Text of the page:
The EU Commission’s Proposal for a Financial Transaction Tax
The European Commission’s proposal for a Financial Transaction Tax (FTT) has been one of the most controversial political issues in the EU over the past year. The proposal has the full backing of the EU Parliament, and is the subject of vocal and widespread campaigns by interest groups, although EU Member States are divided on the issue.
The CBT issued a policy briefing on the proposal just after it was published in September 2011, which was extended into a longer article in the British Tax Review. Our work questions each of the proposal’s four objectives as set out by the European Commission. The first objective is to raise revenue from the financial sector to recover the costs of the financial crisis, to compensate for the “undertaxation” of the financial sector due to the VAT exemption for financial services, and to create a new revenue stream for the EU. All of these reasons are unconvincing; the link with the costs of the financial crisis is tenuous; the extent of under-taxation due to the VAT exemption is controversial, with mixed evidence, and there is no apparent reason why the EU should be financed by a financial sector tax. In any case, if the aim is simply to raise more revenue, then other, more efficient, taxes would be preferable.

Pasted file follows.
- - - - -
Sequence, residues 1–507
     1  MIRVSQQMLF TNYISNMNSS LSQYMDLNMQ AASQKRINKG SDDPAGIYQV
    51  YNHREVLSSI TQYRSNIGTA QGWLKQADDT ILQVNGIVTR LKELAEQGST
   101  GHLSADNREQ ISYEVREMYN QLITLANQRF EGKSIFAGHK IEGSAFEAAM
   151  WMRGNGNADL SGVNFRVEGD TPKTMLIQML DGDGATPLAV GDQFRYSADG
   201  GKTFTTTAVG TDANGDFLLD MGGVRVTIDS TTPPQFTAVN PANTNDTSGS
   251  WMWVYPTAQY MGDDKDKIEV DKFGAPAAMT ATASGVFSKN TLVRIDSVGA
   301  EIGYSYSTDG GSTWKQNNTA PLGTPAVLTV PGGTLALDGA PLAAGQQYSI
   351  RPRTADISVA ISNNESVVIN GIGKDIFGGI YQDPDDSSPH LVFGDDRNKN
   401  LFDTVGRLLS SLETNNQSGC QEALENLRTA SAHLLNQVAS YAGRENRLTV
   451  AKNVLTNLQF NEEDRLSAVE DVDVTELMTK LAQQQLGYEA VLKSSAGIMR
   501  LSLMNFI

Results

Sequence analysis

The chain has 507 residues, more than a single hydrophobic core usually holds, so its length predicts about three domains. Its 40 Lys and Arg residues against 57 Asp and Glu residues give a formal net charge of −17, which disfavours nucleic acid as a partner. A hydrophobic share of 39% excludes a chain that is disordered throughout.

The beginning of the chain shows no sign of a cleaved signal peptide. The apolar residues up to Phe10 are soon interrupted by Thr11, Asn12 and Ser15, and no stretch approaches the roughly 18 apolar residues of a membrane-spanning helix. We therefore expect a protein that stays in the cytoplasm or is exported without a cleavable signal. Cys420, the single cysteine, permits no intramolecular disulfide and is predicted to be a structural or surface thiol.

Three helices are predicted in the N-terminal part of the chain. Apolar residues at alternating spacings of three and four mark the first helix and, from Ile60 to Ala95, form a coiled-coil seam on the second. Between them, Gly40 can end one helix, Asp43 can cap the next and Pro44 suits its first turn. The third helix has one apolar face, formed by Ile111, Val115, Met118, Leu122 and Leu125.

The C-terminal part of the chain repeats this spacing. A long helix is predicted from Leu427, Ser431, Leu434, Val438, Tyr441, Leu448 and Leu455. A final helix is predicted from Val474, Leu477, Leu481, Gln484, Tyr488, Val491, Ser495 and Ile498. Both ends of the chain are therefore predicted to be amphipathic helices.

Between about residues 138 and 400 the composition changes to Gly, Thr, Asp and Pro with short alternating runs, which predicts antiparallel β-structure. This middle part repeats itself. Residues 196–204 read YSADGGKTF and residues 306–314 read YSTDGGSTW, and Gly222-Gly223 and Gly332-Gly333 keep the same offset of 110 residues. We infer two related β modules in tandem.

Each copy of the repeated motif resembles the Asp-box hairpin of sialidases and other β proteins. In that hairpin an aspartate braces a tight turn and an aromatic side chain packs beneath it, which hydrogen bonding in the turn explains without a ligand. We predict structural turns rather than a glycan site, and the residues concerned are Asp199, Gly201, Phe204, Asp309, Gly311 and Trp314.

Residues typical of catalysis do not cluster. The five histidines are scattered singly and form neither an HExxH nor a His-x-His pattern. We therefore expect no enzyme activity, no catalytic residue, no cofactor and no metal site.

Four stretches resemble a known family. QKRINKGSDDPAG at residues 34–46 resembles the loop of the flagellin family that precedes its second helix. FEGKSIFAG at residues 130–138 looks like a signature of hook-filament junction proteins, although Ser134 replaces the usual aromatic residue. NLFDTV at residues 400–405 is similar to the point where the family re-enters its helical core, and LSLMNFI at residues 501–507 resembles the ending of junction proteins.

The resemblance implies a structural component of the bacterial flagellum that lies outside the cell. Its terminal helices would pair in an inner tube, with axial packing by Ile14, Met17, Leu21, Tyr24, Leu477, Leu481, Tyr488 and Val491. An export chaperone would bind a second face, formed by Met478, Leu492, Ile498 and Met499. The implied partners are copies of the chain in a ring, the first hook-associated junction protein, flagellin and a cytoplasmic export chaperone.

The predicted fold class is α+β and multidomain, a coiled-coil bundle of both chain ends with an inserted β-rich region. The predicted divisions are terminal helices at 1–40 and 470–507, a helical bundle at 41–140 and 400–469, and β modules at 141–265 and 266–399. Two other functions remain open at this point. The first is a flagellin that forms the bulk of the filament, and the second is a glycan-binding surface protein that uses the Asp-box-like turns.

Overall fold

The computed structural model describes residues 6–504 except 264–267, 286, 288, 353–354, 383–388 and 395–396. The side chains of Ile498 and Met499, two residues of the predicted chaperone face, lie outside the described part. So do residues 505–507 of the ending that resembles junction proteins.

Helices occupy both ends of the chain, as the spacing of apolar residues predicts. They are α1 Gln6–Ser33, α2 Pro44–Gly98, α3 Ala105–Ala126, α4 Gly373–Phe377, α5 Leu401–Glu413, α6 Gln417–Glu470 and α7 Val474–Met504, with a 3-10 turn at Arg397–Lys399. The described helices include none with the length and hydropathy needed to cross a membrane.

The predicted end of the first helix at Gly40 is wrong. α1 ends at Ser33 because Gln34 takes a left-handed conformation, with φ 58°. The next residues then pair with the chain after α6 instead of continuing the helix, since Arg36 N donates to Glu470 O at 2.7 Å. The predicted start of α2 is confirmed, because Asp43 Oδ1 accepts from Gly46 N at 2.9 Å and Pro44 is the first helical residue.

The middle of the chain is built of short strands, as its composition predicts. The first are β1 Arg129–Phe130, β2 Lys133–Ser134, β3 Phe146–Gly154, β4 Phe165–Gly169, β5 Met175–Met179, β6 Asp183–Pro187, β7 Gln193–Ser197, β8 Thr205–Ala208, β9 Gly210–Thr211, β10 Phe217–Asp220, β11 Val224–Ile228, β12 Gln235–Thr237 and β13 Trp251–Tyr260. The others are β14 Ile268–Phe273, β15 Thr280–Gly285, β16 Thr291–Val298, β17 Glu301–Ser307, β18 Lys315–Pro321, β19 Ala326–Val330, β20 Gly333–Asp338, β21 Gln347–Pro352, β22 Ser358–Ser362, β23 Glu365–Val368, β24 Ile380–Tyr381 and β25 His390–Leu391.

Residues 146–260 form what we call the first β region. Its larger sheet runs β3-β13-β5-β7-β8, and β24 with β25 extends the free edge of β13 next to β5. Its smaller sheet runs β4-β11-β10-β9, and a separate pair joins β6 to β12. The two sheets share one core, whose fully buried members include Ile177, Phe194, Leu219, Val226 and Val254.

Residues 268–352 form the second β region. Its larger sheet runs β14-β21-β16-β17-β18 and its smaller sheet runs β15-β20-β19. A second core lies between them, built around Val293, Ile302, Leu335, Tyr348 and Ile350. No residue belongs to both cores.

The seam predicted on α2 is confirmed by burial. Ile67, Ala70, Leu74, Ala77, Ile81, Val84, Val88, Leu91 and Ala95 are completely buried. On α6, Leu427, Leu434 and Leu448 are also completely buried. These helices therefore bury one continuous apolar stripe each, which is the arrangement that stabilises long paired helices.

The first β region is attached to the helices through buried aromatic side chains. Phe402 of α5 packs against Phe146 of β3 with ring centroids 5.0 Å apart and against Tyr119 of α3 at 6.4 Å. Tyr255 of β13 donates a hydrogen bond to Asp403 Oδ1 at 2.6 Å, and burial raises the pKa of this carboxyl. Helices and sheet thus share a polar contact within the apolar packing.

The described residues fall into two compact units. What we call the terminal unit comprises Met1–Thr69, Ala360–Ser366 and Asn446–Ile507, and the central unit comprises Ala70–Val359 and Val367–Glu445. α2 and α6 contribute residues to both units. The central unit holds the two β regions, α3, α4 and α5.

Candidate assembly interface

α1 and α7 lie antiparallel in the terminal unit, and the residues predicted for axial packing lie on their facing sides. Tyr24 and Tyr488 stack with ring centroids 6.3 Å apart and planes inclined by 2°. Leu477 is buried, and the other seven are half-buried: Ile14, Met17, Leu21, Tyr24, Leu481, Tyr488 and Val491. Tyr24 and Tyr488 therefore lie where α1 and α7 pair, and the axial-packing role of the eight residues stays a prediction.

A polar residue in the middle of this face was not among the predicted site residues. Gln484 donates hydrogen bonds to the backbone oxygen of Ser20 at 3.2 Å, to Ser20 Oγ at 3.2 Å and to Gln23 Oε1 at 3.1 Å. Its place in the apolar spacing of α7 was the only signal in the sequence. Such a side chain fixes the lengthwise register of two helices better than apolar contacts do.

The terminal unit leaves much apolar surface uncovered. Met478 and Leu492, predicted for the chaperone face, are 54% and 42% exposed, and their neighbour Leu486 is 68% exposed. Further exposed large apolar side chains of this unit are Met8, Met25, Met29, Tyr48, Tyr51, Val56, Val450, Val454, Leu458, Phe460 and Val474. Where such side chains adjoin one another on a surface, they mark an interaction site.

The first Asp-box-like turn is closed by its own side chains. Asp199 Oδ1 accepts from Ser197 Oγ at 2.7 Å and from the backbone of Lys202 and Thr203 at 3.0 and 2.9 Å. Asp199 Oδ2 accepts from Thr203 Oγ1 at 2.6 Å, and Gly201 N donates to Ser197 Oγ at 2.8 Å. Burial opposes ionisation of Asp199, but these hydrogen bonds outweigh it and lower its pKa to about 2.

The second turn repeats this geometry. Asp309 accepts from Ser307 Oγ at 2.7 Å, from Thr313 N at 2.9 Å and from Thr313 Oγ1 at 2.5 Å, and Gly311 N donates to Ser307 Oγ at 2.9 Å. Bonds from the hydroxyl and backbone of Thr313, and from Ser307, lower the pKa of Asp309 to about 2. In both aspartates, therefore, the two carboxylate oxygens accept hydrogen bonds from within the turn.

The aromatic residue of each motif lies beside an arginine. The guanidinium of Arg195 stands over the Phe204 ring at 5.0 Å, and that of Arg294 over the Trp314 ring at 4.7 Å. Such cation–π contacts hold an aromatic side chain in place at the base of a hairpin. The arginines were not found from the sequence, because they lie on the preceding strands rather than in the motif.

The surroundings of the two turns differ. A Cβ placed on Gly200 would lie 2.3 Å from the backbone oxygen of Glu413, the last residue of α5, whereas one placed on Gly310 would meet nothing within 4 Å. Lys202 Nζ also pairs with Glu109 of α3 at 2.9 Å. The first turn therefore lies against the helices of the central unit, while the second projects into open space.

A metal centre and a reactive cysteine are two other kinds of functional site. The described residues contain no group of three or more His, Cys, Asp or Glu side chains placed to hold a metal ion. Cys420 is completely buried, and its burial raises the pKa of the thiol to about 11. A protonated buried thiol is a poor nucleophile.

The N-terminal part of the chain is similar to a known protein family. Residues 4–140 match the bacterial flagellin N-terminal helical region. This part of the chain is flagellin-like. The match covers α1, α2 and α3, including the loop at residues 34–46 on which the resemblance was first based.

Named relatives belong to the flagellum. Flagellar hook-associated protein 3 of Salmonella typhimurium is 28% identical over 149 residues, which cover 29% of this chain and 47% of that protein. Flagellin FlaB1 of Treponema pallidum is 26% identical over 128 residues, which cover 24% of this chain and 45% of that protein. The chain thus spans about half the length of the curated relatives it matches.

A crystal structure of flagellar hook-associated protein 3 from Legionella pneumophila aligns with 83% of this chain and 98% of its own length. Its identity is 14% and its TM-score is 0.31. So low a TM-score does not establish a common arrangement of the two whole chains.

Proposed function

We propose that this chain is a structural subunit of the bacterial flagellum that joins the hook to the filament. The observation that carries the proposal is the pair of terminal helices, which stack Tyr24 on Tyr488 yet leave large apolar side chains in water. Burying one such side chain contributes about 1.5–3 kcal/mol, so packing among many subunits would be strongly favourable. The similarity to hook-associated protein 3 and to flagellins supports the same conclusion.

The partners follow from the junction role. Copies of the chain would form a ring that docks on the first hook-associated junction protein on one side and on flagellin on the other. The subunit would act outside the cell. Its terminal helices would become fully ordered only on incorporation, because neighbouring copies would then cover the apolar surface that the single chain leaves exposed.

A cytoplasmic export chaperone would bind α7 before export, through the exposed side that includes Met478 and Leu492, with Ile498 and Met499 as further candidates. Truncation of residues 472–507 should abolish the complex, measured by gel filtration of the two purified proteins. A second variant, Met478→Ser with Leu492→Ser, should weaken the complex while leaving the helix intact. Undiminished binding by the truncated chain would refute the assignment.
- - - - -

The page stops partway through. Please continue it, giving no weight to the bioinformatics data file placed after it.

The second objective is to create disincentives for transactions that do not enhance the efficiency of financial markets. The Commission’s target is short-term trading, particularly high- frequency trading (HFT). However, as the Commission itself has explained, the “existing evidence is inconclusive about the impact of HFT on market efficiency.” In any event, targeted regulation appears to be a better option to address such concerns.
The third objective is to avoid a fragmentation of the internal market given the increasing number of national financial taxes being introduced. But these new taxes are not FTTs, and so this objective is not well grounded. The final objective is to pave the way towards a global introduction of the tax. But there is little evidence that the unilateral introduction of the tax in the EU will induce other countries to follow suit.